What is meant by pronoun-antecedent agreement?
What is meant by pronoun-antecedent agreement:
Pronouns are words that take the place of nouns: he instead of John or they instead of John and Joan. We use pronouns instead of repeating the noun:
John took his keys from the table instead of John took John’s keys from the table.
Pronouns must always agree with their antecedent (the noun or pronoun they refer back to) in
gender (she is used to refer back to a female; he is used to refer back to a male, for example)
number (singular or plural; it is used to refer back to one thing; they is used to refer back to more than one)
person (the doer or receiver of the action)
This is called pronoun-antecedent agreement. Ante- means before; therefore, the word antecedent simply means that which comes before. A pronoun must agree with its antecedent, the houn of pronoun that comes before it and to which it is referring.
Identifying the Antecedent:
Pronouns must agre with the noun or pronoun to which it is referring. Whenever we use a pronoun, we should determine the noun to which it is referring to make sure it is agreeing.
John lost his cell phone.
In this example, John is the antecedent of the pronoun his. Notice how his agrees with the gender (masculine), the number (singular), and person (third person) of the antecedent John.
The children went back to their seats.
The word their refers to children. The pronoun’s gender (neutral), number (plural), and person (third person) all agree with the antecedent children.
In English, there is no masculine plural or feminine plural pronoun. The neutral plural pronouns they, them, theirs is used.
Shifts in Gender:
Sometimes, we cannot determine the gender of a noun. It is not correct to use a plural:
Incorrect: No American citizen should lose their right to vote.
Citizen is singular, but the pronoun their is plural. It is not acceptable to use their as a singular if you do not know the gender. Both men and women can vote in the United States.
Incorrect: No American citizen should lose his right to vote.
While some accept the use of the male singular pronoun (he, him, his) as a generic singular, it is always correct to use his or her to avoid sexist language.
Corrected: No American citizen should lose his or her right to vote.
This problem can be avoided altogether if you simply change the antecedent to a plural.
Corrected: No American citizens should lose their right to vote.
Shifts in Number:
It is important to determine whether the antecedent pronoun is singular or plural.
Incorrect: Every man should wear a tie to an interview to look their best.
Man is a singular noun; their is a plural pronoun. They do not agree. Change the pronoun to agree with its antecedent.
Corrected: Every man should wear a tie to an interview to look his best.
Sometimes, everyday speech does not use correct agreement, so the correct forms may sound funny.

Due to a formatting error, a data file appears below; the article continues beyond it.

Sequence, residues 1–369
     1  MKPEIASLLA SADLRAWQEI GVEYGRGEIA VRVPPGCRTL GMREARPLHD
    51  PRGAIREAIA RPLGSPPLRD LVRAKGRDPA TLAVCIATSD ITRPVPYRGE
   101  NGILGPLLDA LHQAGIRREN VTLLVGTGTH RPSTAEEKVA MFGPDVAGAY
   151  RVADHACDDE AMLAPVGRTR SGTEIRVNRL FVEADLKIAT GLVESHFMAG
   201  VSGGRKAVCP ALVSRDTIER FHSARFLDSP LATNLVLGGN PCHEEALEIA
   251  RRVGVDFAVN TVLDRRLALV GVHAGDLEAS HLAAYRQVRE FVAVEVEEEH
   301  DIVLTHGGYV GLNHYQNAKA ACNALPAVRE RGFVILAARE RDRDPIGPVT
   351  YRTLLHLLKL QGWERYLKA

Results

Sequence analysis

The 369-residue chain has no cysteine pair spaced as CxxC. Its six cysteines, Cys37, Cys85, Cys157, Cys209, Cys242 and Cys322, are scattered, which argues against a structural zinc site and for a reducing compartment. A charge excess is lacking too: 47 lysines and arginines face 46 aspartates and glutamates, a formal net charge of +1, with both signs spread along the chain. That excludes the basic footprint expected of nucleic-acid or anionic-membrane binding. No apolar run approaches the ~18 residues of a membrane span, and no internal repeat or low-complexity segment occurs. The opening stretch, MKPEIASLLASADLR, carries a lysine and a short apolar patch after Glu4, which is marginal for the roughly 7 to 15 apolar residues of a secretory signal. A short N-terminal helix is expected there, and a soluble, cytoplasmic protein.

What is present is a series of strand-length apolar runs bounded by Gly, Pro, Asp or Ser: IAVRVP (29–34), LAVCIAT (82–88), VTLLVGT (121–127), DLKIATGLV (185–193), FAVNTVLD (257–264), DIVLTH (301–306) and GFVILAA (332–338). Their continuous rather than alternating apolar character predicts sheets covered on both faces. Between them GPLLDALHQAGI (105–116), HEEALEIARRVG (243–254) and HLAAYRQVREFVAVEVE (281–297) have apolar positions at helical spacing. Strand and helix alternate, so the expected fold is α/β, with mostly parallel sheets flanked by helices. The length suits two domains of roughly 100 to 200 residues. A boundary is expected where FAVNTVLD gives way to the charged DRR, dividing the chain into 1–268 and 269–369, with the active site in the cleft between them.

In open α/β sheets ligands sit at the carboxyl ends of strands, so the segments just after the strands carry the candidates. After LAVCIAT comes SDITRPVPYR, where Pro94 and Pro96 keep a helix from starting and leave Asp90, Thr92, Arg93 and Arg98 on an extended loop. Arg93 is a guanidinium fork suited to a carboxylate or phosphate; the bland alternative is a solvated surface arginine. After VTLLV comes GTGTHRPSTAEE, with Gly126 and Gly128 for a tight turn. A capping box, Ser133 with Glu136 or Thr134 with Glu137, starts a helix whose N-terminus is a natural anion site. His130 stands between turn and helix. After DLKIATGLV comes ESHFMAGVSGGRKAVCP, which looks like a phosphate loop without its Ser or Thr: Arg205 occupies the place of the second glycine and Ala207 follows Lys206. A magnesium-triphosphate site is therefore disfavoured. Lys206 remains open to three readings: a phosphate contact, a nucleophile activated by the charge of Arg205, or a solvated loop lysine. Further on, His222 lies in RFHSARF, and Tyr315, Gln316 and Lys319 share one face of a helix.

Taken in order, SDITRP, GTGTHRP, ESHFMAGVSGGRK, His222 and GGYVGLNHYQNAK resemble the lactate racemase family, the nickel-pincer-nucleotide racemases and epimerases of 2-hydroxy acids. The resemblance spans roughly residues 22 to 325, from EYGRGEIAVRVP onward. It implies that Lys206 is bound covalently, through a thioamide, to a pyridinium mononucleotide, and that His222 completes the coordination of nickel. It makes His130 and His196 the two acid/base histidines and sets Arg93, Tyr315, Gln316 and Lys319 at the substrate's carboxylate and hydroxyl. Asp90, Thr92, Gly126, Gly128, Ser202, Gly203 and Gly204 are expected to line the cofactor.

Incorrect: Everyone brought their lunch and ate in the employee break room.
Corrected: Everyone brought his or her lunch and ate in the employee break room.
Corrected: All the employees brought their lunch and ate in the employee break room.
There are some situations where the number is not clear. Following is a chart to remember.
|Always Singular||Always Plural||Depends on the Noun|
|one either anybody each neither everybody anyone anything everyone much everything neither nobody no one nothing somebody||both many two (or more) most||some few several lots none all|
Shifts in Person:
Person refers to the voice or position the writer is taking. The pronoun must refer back in agreement with person.
- First person: I, we, me, my, us, our, ours
- Second person: you, yours
- Third person: he, she, it, his, hers, theirs, they, them
Incorrect: As soon as a student finishes an on-line quiz, the computer shows your score.
Think about this literally. When a student finishes the quiz, the computer shows my score?
Here, the pronoun your is second person, but the noun it refers to student is in third person.
Correct: As soon as you finish an on-line quiz, the computer shows your score.
Unclear: Jenny couldn’t park her car in the garage because it was broken.
Corrected: Jenny couldn’t park her car in the garage because her car was broken.
Here are more examples of vague pronoun reference:
Janice took the watch and necklace and sold it. The reader does not know whether it refers to the watch or the necklace.
- Janice took the watch and necklace and sold them.
- Janice took the watch and necklace and sold the watch.
- Janice took the watch and necklace and sold the necklace.
Parents should watch their children before they get into trouble. The reader doesn’t know whether they refers to the parents or the children.
- Parents should watch their children before the children get into trouble.
- Parents should watch their children before the parents get into trouble.